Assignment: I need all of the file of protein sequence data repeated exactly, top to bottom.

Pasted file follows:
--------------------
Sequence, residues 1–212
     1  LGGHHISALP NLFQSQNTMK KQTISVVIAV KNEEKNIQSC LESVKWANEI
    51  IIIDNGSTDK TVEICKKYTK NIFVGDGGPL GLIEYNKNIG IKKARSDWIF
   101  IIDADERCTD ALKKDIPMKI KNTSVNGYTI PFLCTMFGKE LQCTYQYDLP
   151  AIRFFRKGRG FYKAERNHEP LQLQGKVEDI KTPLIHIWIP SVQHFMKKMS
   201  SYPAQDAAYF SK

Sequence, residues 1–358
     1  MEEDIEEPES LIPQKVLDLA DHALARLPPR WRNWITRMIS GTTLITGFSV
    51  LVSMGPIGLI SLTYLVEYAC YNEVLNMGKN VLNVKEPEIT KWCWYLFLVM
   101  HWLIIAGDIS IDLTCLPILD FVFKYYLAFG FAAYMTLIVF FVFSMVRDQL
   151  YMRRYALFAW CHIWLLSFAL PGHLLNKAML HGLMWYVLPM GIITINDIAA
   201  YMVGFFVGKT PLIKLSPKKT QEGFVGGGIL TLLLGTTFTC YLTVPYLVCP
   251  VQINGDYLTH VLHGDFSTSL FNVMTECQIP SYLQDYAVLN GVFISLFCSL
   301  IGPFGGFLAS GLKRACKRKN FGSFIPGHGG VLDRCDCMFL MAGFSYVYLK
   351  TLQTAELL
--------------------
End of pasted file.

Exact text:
Sequence, residues 1–212
     1  LGGHHISALP NLFQSQNTMK KQTISVVIAV KNEEKNIQSC LESVKWANEI
    51  IIIDNGSTDK TVEICKKYTK NIFVGDGGPL GLIEYNKNIG IKKARSDWIF
   101  IIDADERCTD ALKKDIPMKI KNTSVNGYTI PFLCTMFGKE LQCTYQYDLP
   151  AIRFFRKGRG FYKAERNHEP LQLQGKVEDI KTPLIHIWIP SVQHFMKKMS
   201  SYPAQDAAYF SK

Sequence, residues 1–358
     1  MEEDIEEPES LIPQKVLDLA DHALARLPPR WRNWITRMIS GTTLITGFSV
    51  LVSMGPIGLI SLTYLVEYAC YNEVLNMGKN VLNVKEPEIT KWCWYLFLVM
   101  HWLIIAGDIS IDLTCLPILD FVFKYYLAFG FAAYMTLIVF FVFSMVRDQL
   151  YMRRYALFAW CHIWLLSFAL PGHLLNKAML HGLMWYVLPM GIITINDIAA
   201  YMVGFFVGKT PLIKLSPKKT QEGFVGGGIL TLLLGTTFTC YLTVPYLVCP
   251  VQINGDYLTH VLHGDFSTSL FNVMTECQIP SYLQDYAVLN GVFISLFCSL
   301  IGPFGGFLAS GLKRACKRKN FGSFIPGHGG VLDRCDCMFL MAGFSYVYLK
   351  TLQTAELL